The Bruins, you might say, are in Brett Harrison’s blood.
On Saturday, B’s third-round pick (85th overall pick) Harrison, became a huge Black and Gold fan. Not only did he play for the OHL team, Oshawa, which has a historical connection with the Bee – a certain No. 4 who played for the Generals – but Harrison’s grandfather Ed was a best friend of the late Bruins defenseman Gary Doak. His father is a good friend with B’s prospect and former General Jack Studnick’s father.
And with Harrison being a dominant two-way centerman, it’s easy to guess who his favorite NHL player is, none other than Saturday birthday boy Patrice Bergeron.
Needless to say, Harrison was thrilled to receive B’s call.
“I’ve always been a fan of the Bruins. It just ran through the family,” Harrison said. “It was like a dream come true when I saw my name come up. It’s something I’ll never forget.”
Had the 6-foot-2, 185-pound Harrison been allowed his natural growth and progress, there’s a chance he would never have been in the 85th slot. But as with all aspects of life, COVID-19 stepped in. He had a very good rookie season with Oshawa (21-16-37 totals in 58 games in 2019-20). But as the OHL continued to linger and delay its 2020-21 season, Harrison scrambled with his representatives and decided to fly to Finland to play some time. He got involved in eight games before things took off. He returned to Canada to quarantine for a few weeks before moving to Texas to play in the U18 World Championships, where he scored two goals in seven games for Canada and more data of B.
“It’s been a tough year for everyone, but I’ve tried to make the best out of any situation and I’ve got to further my development in Finland and in the U18 tournament as well, so I need to continue to develop and perform.” myself,” said Harrison. “During the offseason, I have lived here in London, Ontario, working out and on the ice four times a week, working on my skills and skating. I am.”
One of the great cliches of draft day is when a talent appraiser steps up on stage and says, “We couldn’t believe this player was still available.” But in Harrison’s case, it may be true. With his size, shot and head for the game, Harrison is a player who, with a full season, can run very well compared to the third round.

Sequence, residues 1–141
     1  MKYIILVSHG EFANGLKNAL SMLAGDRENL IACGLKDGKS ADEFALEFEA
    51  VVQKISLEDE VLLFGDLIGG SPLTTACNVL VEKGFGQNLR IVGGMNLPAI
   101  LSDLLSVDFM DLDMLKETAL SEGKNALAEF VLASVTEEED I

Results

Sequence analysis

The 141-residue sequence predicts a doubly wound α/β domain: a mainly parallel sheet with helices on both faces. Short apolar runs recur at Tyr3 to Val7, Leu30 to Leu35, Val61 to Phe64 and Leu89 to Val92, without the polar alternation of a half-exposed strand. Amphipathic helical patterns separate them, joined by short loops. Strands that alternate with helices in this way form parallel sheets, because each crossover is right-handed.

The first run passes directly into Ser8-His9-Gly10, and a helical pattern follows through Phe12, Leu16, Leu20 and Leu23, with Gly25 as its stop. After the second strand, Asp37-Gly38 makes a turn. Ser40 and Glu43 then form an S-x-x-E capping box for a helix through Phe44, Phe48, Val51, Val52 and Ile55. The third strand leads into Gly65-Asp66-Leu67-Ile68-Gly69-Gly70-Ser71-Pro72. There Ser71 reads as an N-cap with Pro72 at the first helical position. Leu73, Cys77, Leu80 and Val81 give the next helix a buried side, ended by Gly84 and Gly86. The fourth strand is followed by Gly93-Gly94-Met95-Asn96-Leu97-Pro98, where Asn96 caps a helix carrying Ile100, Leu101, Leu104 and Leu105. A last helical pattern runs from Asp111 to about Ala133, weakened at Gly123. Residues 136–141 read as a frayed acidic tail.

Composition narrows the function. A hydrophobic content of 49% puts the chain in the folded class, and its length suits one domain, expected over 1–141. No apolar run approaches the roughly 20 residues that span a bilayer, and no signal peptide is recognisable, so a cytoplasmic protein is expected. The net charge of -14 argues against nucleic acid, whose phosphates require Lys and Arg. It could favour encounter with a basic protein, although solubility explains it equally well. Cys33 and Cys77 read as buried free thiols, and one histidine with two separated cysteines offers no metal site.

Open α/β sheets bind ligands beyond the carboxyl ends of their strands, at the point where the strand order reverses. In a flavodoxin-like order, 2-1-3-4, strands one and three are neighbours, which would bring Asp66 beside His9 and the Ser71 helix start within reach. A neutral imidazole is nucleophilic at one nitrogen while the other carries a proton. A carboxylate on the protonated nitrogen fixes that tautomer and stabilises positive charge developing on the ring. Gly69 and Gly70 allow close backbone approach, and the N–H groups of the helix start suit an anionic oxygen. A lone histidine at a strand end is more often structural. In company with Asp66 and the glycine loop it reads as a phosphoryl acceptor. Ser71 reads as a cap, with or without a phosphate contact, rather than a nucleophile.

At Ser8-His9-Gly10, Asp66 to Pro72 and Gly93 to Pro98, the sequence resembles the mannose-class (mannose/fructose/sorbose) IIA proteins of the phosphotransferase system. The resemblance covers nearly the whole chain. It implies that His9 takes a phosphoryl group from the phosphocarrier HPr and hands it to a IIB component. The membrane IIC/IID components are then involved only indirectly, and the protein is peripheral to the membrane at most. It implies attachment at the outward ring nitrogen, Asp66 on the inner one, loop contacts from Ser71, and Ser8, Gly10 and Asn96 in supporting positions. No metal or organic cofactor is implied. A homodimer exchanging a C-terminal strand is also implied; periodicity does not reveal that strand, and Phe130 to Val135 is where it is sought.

“He was a kid who scored a lot in the OHL as a young age,” said Ryan Nadeau, associate director of amateur scouting. “With them not playing this year, yes, it is difficult. But he went abroad for a while and we saw him there and then he came back and he played in U18, he played in a real deep gold medal winning Canadian team. For us, it was a position to get a big scoring center, which in some way or the other we think will play a big part in the OHL. To be able to get that kind of player where we were picking, I think he was a little bit hurt by the situation. …but challenges do present some opportunities and I think for us, being able to achieve that, we were definitely excited about.
There’s a lot to like about Harrison’s game. He can play all three forward positions, touch around the net and is smart for the game.
However, his skating has been the subject of criticism, and Harrison admits it is something he has heard and is working to improve it.
“I’m going through a lot this summer,” Harrison said. “I’ve been on the ice with my power skating coach two, three times a week. We’re working to tone down our stance and be more explosive. And from a stable position, a quick three to win puck race Getting the move.” …
B took a total of seven players – three Swedish players, two OHL players and two from the US National Program who would come to Boston to play college hockey.
In the fourth round, B picked Swedish goalkeeper Philipp Swedbach, a 6-foot-3′ tender who had recently played for a Vaxjo team that had seen a lot of rubber. He will go to Dubuque of the USHL.
Bee continued to grab 5-foot-11 left-wing Swede Oscar Jelvik in the home field of PJ Axelson, whose best attribute may be his vision and creativity.
With his sixth-round pick, B’s back end went for shape, catching 6-foot-4, 215-pound defenseman Ryan Mast off the Sarnia Sting.
And finally, with his two seventh-round picks, he won the 6-foot-4, Los Angeles-born center Andre Gaseau, a Boston College commit, and two-sided defender Ty Gallagher, who is going to Boston University and won the distinction. He holds the record for most goals scored by a defender in national program history.
“When you go into any draft, you have the best player type of thinking available, especially early on, and as the draft progressed, we were able to hit a bunch of spots,” Nadeau said. “We went to the excitement, high-end offense (with first-round pick Fabian Lisel), we got some shape in the middle, we picked up a goalie, then we went back into more momentum and offense, then a big strong D-Man. After that, then a big centerman who has come a long way… We have entered some different areas in terms of the league as well.”